NEW YORK - In the world of automotive advertising, the mass-market medium of network TV is beginning to look like a dinosaur.
Yes, it's big. And yes, it still dominates the landscape. But smaller automakers such as Subaru and Saab are beginning to abandon the costly shotgun approach to marketing.
In other words, niche automakers are adopting niche marketing methods.
This week, Saab is preparing to unleash a new brand ad campaign to introduce consumers to its expanded product lineup. However, Saab will spend nothing - not one dime - on network advertising.
Instead, the Swedish carmaker will focus on print ads and on a tightly focused group of cable TV channels. Saab's market research demonstrated that Saab owners are the most highly educated of any brand, according to Joel Manby, president of Saab Cars USA Inc.
'Saab is not for everybody, and we like it that way,' Manby told the Automotive Marketing Seminar, which was sponsored by Automotive News in New York on Thursday, April 1.
For Saab, network TV is an inefficient marketing shotgun, drawing many viewers who have no interest in Saab. Instead, the company asked Saab owners and potential owners which TV stations they watched.
As a result, Saab will advertise on the Discovery Channel, the History Channel, the Learning Channel and CNBC, among others. The company also will advertise on National Public Radio.
Interestingly, Saab focused on National Public Radio after its dealers did some field research. Whenever Saab owners brought their cars to the dealership for service, the dealership would check to see which radio stations were programmed. A high percentage were tuned to the local National Public Radio affiliate.
'We are moving from broadcast to narrowcast,' said Manby. 'We have totally eliminated network TV. We believe that if you own the medium, you will own the message.'
In other words, Saab knew it was an also-ran on expensive network TV, where it would get lost in the clutter of big-bucks advertisers such as General Motors, Ford Motor Co. or Toyota Motor Sales U.S.A. Inc. Instead, Saab poured advertising dollars into cable channels it could more easily dominate.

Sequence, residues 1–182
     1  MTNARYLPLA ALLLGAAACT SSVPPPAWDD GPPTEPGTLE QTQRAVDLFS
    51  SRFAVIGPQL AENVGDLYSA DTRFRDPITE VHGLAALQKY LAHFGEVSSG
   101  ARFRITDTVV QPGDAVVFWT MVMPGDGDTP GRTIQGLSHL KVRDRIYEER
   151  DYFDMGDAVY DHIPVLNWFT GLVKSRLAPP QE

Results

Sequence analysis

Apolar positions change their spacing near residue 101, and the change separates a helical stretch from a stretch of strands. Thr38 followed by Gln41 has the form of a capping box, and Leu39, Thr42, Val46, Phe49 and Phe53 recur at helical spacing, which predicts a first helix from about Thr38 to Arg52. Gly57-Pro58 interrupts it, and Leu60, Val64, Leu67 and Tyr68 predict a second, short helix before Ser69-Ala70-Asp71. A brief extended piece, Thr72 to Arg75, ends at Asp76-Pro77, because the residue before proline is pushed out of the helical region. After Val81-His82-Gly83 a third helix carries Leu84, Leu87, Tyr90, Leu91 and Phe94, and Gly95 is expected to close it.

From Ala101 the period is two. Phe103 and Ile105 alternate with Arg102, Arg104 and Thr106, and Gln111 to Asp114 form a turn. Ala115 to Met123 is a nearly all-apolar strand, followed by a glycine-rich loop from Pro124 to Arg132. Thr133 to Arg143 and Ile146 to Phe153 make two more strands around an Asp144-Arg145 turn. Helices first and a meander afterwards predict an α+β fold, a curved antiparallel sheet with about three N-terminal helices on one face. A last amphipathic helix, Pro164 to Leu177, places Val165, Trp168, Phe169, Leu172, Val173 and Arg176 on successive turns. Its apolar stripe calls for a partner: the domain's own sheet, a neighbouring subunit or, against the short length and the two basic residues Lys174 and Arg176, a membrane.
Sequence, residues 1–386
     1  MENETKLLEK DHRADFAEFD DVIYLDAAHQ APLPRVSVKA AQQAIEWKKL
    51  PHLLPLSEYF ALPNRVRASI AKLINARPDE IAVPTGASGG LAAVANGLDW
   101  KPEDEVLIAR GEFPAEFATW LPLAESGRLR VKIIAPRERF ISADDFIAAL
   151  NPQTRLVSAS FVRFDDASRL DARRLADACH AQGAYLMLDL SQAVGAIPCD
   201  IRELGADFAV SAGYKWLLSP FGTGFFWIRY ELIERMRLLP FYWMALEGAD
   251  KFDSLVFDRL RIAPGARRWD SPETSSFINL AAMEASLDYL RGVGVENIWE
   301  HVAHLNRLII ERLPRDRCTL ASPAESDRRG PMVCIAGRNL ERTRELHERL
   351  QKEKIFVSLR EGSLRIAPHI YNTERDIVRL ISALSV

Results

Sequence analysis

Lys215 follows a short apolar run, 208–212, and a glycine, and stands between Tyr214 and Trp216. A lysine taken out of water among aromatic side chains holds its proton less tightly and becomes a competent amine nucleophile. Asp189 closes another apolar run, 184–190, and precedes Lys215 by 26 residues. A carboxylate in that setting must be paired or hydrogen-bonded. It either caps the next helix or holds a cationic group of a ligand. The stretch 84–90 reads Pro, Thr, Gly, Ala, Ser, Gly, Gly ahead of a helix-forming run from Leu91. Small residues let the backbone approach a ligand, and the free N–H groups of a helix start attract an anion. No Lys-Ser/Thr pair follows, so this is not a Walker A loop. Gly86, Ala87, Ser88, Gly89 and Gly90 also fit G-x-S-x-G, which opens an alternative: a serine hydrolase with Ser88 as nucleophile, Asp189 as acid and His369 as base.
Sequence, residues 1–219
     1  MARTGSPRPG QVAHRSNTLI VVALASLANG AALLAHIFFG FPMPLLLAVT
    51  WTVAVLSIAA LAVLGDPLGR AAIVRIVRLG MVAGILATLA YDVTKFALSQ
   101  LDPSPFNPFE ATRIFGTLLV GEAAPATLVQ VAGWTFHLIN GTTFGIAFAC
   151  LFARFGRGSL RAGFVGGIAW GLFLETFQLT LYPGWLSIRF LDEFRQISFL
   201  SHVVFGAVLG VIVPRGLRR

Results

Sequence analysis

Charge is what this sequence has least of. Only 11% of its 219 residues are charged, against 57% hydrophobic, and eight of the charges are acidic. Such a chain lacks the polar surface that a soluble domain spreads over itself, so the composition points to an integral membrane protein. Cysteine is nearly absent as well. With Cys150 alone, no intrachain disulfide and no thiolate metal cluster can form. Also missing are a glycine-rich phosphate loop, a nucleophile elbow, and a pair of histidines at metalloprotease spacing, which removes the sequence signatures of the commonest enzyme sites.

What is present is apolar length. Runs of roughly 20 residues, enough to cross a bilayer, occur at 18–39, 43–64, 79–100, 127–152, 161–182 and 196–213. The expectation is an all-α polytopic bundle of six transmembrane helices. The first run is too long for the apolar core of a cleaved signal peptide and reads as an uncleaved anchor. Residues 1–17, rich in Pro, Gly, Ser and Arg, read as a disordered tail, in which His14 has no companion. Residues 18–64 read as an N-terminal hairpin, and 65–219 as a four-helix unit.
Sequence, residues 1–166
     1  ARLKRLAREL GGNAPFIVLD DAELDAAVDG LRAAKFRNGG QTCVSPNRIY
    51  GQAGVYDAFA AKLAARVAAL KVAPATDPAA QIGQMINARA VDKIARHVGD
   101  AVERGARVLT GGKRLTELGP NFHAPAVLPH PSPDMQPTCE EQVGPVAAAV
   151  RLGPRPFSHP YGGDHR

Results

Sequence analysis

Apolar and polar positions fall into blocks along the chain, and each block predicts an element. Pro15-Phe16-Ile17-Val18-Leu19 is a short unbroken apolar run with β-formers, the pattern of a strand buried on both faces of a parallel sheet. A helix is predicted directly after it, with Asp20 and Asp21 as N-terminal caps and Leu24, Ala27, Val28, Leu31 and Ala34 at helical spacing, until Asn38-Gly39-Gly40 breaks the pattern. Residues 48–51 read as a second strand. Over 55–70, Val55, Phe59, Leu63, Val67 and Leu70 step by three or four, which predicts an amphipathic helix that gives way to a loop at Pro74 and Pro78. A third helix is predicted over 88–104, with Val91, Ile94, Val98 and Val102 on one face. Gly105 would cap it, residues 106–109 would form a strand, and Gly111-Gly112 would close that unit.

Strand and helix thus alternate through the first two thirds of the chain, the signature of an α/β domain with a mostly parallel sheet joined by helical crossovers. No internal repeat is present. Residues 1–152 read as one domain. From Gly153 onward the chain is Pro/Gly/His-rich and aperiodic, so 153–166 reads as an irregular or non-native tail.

But none of this will matter much if buyers ignore the commercials. To attract them, Saab created an ad campaign - 'Saab vs. conventional thought' - intended to pique the intellectual curiosity of viewers.
For example, one magazine ad dubbed 'Saab vs. Vivaldi' will promote the versatility of the Saab convertible in spring, summer, fall and winter. One of Antonio Vivaldi's best-known musical compositions is 'The Four Seasons.'
To promote this message, Saab is raising its ad budget 5 percent. Since Saab is focusing tightly on print and cable TV, however, Manby predicts it will achieve much greater visibility with its target audience.
OUT OF THE MAINSTREAM
Another case in point is Subaru, which abandoned its ill-fated effort to be the next Honda or Toyota in 1993.
'We came to the conclusion that Subaru was a niche player, not a mainstream player,' said Tim Mahoney, marketing director of Subaru of America Inc. 'We also realized that mainstream products weren't going to work for us. Niche products attract niche customers.'
Mahoney described Subaru's evolution to a niche at the Automotive Marketing Seminar.
After some soul-searching in 1993, the company returned to its roots, focusing on a niche lineup of four-wheel-drive sedans and wagons. The company also launched an intensive effort to figure out the common traits of Subaru owners.
The brand had long been popular in Northern states with heavy snowfall. Given Subaru's all-wheel-drive lineup, that was no surprise. But the company soon discovered some unexpected things about its audience.
Subaru was very popular among doctors and nurses, teachers and engineers. It also was popular among outdoors enthusiasts - people who might go hiking, canoeing or camping.
To introduce its Outback lineup in the mid-1990s, Subaru budgeted $15 million, a fraction of the $100 million-plus that a company such as Ford might spend to introduce a vehicle such as the Taurus.
To cut through the clutter, Subaru hired actor Paul Hogan to plug the Outback's off-road abilities. So Subaru did not abandon network TV, but supplemented it with some nontraditional marketing gambits.
1999 AND BEYOND
Subaru had fine tuned its niche approach. This year, to reach teachers, for example, the company donated cars to five museums that sponsor traveling science exhibits for schoolchildren. After making his or her presentation, the museum's science teacher would hand out Subaru pamphlets offering discounts on visits to the local museum.
If a student's parents bought a Subaru, they would get a three-year membership to that museum. Mahoney estimates that this program has reached 500,000 teachers and parents over the past four years.
Subaru uses other tactics to reach health-care professionals. Marketing data showed that doctors and nurses preferred Subarus because they needed reliable transportation to the hospital in bad weather. To reach them, Subaru started buying ads in health-care trade publications.
The payoff? Subaru no longer needs incentives to sell its cars - a good indication of Subaru's distinctive brand image.